THE­ATRE Shock­ingly good Shaugh­raun

The Irish Mail on Sunday - - OMAGH: THE 20TH ANNIVERSARY - MICHAEL MOF­FATT

The Shaugh­raun Smock Al­ley U ntil Septem­ber 1 ★★★★★

Smock Al­ley, with its an­cient brick and stone walls, is an al­most per­fect set­ting for 18th or 19th cen­tury plays. Sets and props only have to be prac­ti­cal and imag­i­na­tive with­out be­ing elab­o­rate. It’s what makes it such a good venue for the plays of Dublin-born Dion Bouci­cault who spent most of his adult life between Eng­land and Amer­ica where his plays were enor­mously suc­cess­ful.

When The Shaugh­raun was first pro­duced in New York in 1874, Bouci­cault him­self played the role of Conn the Shaugh­raun. That was par for the course. Not con­tent with be­ing a pro­lific writer, Bouci­cault was one of those all-rounders who want to be in­volved in every­thing – pro­duc­ing, di­rect­ing and act­ing in his own plays. Per­haps he was in­spired by be­ing named Diony­sius, af­ter the Greek god of wine, mad­ness and the­atre.

But above all, he was an en­ter­tainer who knew how to sup­ply what the pub­lic wanted: ac­tion, love af­fairs, he­roes, vil­lains, skul­dug­gery, in­tri­cate plots, laugh­ter, and sharp so­cial and po­lit­i­cal com­ment. The Shaugh­raun has them all.

Be­cause his plays are unashamedly melo­dra­mas, they were, and still are, of­ten dis­missed in snootier Ir­ish cir­cles as stage-Ir­ish car­i­ca­tures, but his char­for ac­ters are more than stereo­types, his vil­lains are recog­nis­able even in to­day’s world, and his women can be spiky and clever, not just pretty dec­o­ra­tions.

His writ­ing needs per­form­ers to play up to the melo­dra­matic pos­si­bil­i­ties with­out de­scend­ing into farce, and this lat­est pro­duc­tion has lined up an ex­cel­lent cast, di­rected by Clare Maguire.

Aron He­garty projects all the vil­lainy and hu­mour in the role of the de­spi­ca­ble Corry Kinchela, a lech­er­ous, un­scrupu­lous schemer will­ing to com­mit mur­der to get what he wants. And what he wants is the es­tate of Robert Ffol­liott, trans­ported du­bi­ously Fe­nian ac­tiv­i­ties. As his nasty side­kick Har­vey Duff, David O’Meara is ex­cel­lent, con­trast­ing ad­mirably in his dou­ble role as the gen­tle­manly Fr. Dolan.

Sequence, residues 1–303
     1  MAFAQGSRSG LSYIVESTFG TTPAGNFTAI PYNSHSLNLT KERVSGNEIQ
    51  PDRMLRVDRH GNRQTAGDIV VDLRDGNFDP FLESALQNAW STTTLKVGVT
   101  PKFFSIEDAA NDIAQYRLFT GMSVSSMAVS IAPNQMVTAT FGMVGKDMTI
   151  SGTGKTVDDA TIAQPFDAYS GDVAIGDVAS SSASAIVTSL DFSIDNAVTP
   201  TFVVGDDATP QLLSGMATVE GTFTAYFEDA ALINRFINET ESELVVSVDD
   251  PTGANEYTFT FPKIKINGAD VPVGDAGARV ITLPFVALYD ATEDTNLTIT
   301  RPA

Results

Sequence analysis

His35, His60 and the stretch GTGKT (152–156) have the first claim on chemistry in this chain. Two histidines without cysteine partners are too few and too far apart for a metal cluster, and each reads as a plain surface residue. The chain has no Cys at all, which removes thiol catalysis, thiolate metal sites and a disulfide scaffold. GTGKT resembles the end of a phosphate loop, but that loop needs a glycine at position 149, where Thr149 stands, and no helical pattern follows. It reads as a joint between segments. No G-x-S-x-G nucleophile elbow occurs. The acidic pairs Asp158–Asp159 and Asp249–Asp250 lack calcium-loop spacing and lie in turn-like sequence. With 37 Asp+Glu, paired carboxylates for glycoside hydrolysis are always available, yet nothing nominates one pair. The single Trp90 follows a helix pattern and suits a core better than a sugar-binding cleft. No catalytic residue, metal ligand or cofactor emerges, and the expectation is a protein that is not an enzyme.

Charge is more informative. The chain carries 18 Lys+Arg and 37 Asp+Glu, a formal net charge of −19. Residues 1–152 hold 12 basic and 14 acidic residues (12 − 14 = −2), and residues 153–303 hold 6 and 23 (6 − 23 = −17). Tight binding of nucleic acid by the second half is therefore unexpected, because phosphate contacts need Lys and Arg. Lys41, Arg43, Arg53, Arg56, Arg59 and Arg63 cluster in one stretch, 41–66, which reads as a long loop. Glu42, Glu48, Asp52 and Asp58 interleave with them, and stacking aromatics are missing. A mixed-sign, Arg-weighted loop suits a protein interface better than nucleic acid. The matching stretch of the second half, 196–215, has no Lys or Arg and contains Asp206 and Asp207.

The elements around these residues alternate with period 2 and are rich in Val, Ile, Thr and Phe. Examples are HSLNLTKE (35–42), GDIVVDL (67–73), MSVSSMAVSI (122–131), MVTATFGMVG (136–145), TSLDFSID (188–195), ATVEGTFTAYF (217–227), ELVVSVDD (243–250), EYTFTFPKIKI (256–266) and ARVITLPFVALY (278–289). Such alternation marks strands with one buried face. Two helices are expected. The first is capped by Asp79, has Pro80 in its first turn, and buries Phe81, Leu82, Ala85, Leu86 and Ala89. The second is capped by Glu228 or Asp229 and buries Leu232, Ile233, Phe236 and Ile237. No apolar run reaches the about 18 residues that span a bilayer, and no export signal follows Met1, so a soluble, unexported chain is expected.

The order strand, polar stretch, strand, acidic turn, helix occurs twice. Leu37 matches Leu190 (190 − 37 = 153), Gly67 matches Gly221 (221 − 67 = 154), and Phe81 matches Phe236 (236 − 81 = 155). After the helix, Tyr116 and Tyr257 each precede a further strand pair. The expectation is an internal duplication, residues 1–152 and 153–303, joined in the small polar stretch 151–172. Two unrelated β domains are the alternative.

Cap­tain Mo­lineux is the up­right English of­fi­cer whose job is to cap­ture Robert Ffol­liott, es­caped from Aus­tralia. It’s a very tricky role; he’s the butt of ev­ery­one’s mock­ery through his fail­ure to un­der­stand the Ir­ish, while be­ing friendly, con­de­scend­ing, and scrupu­lous about his duty. His sur­ren­der to the per­son­al­ity of the lovely Claire Ffol­liott, has him in a pro­fes­sional quandary.

David Fen­nelly plays him with nicely-judged un­der­state­ment that catches all the con­fused hu­mour in the role. He’s matched beau­ti­fully by Juli­ette Cros­bie’s feisty Claire, pas­sion­ately Ir­ish, loyal to her felon brother Robert, and un­com­fort­able about her feel­ings for the cap­tain.

Conn the Shaugh­raun is a feck­less, job­less, poacher, not too bright, but wily and loyal. It’s the sort of role that could be eas­ily over­done, but as played by Liam Hes­lin he’s ath­letic, like­able and great fun.

Bouci­cault placed great value on elab­o­rate stage ef­fects, and pro­duc­ers ever since have felt free to throw in dance, mu­sic and lots of ac­tiv­ity to keep things brisk. This pro­duc­tion has an in­ven­tive light­ing de­sign, lots of dance, mu­sic and song (not its strong­est point), but it’s hard to be too crit­i­cal of a show that cap­tures the spirit of Bouci­cault’s rous­ing frolic.

‘The Shaugh­raun, as played by Liam Hes­lin, is ath­letic, like­able and great fun’

shock­ingly good shaugh­raun: Liam Hes­lin as the epony­mous hero of Bouci­cault’s clas­sic with Martha Dun­lea, left, and Deirdre Mon­aghan

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